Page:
best practices of async await and asynchronous programming

Asynchronous programming has been widely used in C# almost in every kind of .Net application and async and await keywords have been the core of the same which hides most of the complexity to implement asynchronous programming in C# language and makes it easy for developers to implement asynchronous programming.

Let’s see what the compiler does behind the scenes when we use the async/await keyword in our method, the compiler turns the method into a generated class that implements the IAsyncStateMachine interface.

Using .ConfigureAwait(false)

As we know we have Synchronization context in .Net Framework where the context is retained after the async calls are completed and this is useful in GUI applications where we need to continue with the original thread which initiated the call but in libraries, this is not required and changing the context doesn’t hamper the application so using Task.ConfigureAwait(false) boosts the application performance because we don’t have to switch the context and the application can continue using its current context.

async Task SomeMethodAsync()


  // Code here runs in the original context.

  await Task.Delay(1000);


// Code here runs without the original context (in this case, on the thread pool).

  await Task.Delay(1000).ConfigureAwait(continueOnCapturedContext: false);


Avoiding .Result and .Wait

Asynchronous programming provides performance benefits because it doesn’t block the current thread and while the I/O-bound or CPU-bound work continues in the background the main thread responds to user interaction in GUI application but if we use .Result or .Wait with await in C# then it blocks the main thread until the I/O-bound or CPU-bound completes and it may result in deadlock as well. As part of best practices, we shouldn’t convert a small part of our application to asynchronous and wrap them into synchronous API which creates a hard-to-track deadlock problem therefore we should allow async code to grow naturally to our entire code base and embrace async all the way.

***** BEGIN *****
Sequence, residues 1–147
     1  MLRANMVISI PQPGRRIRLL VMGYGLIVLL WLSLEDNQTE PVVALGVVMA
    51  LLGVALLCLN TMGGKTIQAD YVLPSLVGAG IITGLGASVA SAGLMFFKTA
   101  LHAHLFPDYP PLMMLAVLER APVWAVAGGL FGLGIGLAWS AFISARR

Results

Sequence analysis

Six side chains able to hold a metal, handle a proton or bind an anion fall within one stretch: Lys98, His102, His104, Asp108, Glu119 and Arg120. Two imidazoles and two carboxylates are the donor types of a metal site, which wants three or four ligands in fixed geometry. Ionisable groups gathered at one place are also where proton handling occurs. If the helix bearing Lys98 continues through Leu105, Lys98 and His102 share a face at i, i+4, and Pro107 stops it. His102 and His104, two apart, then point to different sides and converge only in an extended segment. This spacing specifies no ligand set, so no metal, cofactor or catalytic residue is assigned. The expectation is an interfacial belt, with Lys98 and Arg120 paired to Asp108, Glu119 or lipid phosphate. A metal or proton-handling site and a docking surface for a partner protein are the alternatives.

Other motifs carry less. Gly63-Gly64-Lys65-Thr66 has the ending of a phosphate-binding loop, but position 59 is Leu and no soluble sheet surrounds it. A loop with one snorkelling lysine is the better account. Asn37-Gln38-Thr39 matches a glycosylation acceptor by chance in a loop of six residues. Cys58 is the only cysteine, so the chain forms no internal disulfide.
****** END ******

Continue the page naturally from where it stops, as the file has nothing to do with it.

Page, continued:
Another disadvantage of .Wait and .Result is that it throws Aggregate Exception instead of normal exception which complicates error handling.

Using .GetAwaiter().GetResult()

In some rare scenarios if we want to block an asynchronous task synchronous then instead of using .Wait or .Result we should use .GetAwaiter().GetResult() so that in case of error, the application throws normal exception instead of the Aggregate Exception which is thrown by .Wait or .Result .

Please note .GetAwaiter().GetResult() is also synchronously blocking the async Task and is subject to deadlock problems just as .Wait or .Result but gives better error handling so I will go for .GetAwaiter().GetResult() in case of handful situation.

Avoiding Async void

Any Async method can return Task or Task<T> or void but returning void from an async method doesn’t allow to catch the exception naturally and can be only caught in AppDomain.UnhandledException or similar catch-all event for GUI/ applications. Async void methods will only notify the SynchronizationContext when they start or finish and maintaining the same is difficult for regular applications.

Generally, when the exception is thrown out of an async Task or async Task<T> method, the exception is captured and placed on the Task object but with an async void there is no Task object so the exception is directly raised to the SynchronizationContext that was active when the async void method started.

private async void SomeMethodExceptionAsync()


  throw new InvalidOperationException();